Consensus Facit Legem
Are HOA’s a good metaphor for government? In the much-commented OP by Dr. Hanley, interlocutor M.A. brought up Home Owner Associations (HOA’s), most specifically as a foil against the concept that Libertarians (being pro-liberty after all) should be strongly against them. This led to much back and forth on numerous levels and sub-threads concerning HOA’s. I was hoping against hope that someone else would take the bait and write up an OP, but such was not to be, so I’ll do a mediocre job instead of waiting for a better author to do a better treatment. Such is the bane of blogging.
I had never really concerned myself with HOA’s although I currently own two properties that are under their aegis. One is my primary residence, a McMansion that is far too big for my tastes but boasts a spectacular view of hundreds of untrammeled acres of woods and trails directly adjacent to my property line. The house has some excellent architectural features and since I have organized my life to work from home, the better the home the happier I am. The HOA Covenants, Conditions and Restrictions (CC&R’s) run about 50 pages or so and mention such things as not having recreational vehicles on the property in public view for more than 48hrs. Since I own a motorhome this is a bit of a nuisance but I have friends who let me park it at their mini-farm a few miles away and only bring it to my house for the typically once a year trip I’ll take in it, one day getting packed before I go and one day unpacking and cleaning when I get back, then it’s off to the farm for storage. One time I had decided to do some work to the motorhome and upon careful reading of the CC&R’s figured out it could not be “in one spot” for more than 48 hours. So I parked it in one of my driveways for 2 days, then moved it to the other for another couple of days while I futzed around with add-ons that I wanted to install. My next door neighbor came over to complain and I showed him the CC&R’s and pointed out that it had indeed moved within the 48 hours. He didn’t like my interpretation, but was even more chagrined when I pointed out that his jet skis in plain view in his driveway were an egregious violation of the same restrictions. He left in a huff. We had several more disagreements over the first couple of years I lived here and then he moved. His neighbor on the other side immediately invited my wife and me over for a party. Turned out no one else in my entire neighborhood had ever stood up to him, he was the neighborhood nazi (there, Godwin’d myself) and was notorious for bothering people. Since the vast majority of folks just want to live and let live, they typically acquiesced to whatever his demands of the moment were. In hindsight, every time he brought something up to me that I was supposedly doing wrong (and I admit the RV thing was a bit obnoxious, but it was a one-time deal and he knew it) I would point out something /he/ was doing wrong, and his violation was typically worse than mine. I further suspect that none of the other neighbors read the CC&R’s as assiduously as I had – even the trial lawyer up the street admitted to me that he’d only ever skimmed them (after all, no one was paying him $650/hr to study it).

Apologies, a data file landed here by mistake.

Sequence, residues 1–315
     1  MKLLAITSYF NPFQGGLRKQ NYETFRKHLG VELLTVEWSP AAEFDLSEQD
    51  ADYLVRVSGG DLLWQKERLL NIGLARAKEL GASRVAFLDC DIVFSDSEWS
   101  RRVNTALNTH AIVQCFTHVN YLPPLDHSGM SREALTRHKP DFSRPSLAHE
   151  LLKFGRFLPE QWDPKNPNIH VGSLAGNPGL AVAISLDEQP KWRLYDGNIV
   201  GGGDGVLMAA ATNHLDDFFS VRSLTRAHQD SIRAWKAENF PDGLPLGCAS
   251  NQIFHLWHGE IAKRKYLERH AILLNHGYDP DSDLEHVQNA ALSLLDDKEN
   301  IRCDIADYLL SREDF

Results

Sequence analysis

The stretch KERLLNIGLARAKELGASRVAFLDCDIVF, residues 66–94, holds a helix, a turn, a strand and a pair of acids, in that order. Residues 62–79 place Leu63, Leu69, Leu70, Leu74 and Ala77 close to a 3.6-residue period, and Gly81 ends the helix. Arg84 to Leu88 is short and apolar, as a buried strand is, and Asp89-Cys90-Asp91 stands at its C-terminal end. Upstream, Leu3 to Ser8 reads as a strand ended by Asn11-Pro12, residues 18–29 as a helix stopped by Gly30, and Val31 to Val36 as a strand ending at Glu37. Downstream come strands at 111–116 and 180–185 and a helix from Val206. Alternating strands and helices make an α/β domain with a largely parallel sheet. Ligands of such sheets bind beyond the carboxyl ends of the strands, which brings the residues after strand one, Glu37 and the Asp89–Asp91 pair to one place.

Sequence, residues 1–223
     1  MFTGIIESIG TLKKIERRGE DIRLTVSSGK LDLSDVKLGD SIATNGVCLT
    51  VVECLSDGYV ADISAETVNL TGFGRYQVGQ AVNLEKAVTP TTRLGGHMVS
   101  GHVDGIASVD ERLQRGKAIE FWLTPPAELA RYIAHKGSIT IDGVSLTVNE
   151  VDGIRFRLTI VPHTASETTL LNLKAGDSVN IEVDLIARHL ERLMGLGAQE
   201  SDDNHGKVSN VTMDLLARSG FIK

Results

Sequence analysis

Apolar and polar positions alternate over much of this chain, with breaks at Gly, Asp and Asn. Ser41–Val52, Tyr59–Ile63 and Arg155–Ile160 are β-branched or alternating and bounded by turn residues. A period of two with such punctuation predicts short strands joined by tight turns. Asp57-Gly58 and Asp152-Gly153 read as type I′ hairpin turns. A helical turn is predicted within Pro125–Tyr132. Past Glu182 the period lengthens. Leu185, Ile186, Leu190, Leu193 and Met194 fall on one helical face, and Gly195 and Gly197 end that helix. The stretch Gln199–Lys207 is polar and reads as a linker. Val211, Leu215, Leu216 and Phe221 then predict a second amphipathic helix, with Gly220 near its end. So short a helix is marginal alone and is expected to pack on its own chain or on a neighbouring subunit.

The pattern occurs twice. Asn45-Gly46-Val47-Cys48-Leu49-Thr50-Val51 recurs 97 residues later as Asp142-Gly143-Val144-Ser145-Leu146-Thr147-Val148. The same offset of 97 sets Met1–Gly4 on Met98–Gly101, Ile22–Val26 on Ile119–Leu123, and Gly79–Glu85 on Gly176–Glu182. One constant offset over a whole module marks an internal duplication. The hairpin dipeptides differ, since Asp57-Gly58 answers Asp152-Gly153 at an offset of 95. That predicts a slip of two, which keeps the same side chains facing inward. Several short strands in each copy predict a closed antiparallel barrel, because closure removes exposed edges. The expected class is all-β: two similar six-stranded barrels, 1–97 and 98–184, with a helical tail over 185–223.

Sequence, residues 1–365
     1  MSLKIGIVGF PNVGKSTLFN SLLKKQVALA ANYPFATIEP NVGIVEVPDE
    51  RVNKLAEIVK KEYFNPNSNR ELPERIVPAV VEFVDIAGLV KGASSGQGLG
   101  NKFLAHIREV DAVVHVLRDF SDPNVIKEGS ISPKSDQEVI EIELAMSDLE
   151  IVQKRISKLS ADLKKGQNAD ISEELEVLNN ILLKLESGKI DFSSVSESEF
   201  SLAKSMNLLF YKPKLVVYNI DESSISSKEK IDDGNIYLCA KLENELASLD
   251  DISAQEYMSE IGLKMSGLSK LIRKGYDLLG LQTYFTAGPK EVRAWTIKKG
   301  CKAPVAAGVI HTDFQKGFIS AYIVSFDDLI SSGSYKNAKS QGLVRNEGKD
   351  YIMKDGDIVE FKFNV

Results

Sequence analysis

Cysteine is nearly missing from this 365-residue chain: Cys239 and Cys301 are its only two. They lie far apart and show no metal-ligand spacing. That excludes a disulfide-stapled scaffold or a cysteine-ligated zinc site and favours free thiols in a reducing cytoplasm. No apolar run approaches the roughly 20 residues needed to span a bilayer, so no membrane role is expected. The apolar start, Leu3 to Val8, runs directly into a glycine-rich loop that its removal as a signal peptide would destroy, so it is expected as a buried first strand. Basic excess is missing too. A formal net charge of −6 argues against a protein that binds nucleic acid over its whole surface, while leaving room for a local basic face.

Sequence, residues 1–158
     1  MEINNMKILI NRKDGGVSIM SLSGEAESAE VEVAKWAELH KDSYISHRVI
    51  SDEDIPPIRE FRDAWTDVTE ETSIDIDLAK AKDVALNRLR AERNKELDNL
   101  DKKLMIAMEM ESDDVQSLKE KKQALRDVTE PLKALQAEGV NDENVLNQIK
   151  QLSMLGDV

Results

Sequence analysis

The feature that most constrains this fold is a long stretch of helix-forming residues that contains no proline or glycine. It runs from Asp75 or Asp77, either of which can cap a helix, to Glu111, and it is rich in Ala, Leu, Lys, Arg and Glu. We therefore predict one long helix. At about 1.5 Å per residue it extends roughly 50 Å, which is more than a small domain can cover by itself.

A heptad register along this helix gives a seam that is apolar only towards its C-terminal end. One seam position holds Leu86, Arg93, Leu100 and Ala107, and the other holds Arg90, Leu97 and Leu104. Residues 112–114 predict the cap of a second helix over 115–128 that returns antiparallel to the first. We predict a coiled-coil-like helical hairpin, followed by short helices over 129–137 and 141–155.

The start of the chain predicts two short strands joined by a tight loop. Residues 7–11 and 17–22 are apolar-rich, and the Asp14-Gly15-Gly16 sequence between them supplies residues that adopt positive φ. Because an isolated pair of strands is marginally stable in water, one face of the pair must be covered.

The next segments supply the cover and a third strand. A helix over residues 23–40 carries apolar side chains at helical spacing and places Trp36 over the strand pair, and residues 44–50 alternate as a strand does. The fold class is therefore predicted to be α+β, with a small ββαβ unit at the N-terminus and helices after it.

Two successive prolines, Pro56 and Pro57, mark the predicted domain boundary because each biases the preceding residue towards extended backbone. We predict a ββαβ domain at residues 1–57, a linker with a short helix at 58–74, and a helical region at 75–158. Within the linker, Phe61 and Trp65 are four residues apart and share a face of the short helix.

The condo we own has much shorter CC&R’s but they are a bigger deal because of the maintenance and reserves issues. Having a condo HOA makes perfect sense because so much of it (like the roof and hallways) is common to all the owners. We specifically shied away from a condo with hot tubs and similar amenities, because over time those are pain in the tookus (I guess in Yiddish that’s spelled tuchus). A recent and major problem with condominiums is that the reserves set aside are woefully inadequate to address coming needs. Naturally the FHA regulations created an overreach and now for instance the condo we own charges enough in monthly fees to completely REPLACE the entire building within 15 years. I don’t think the brand new building is going to be replaced, nor is that replacement of real benefit to the individual unit owners, but it is the law of the land essentially because most entry-level home buyers cannot afford a house but /should/ be able to afford a condo and will require FHA backing to get a loan. That the new FHA regulations have crushed the market for condos during a real estate downturn is old news.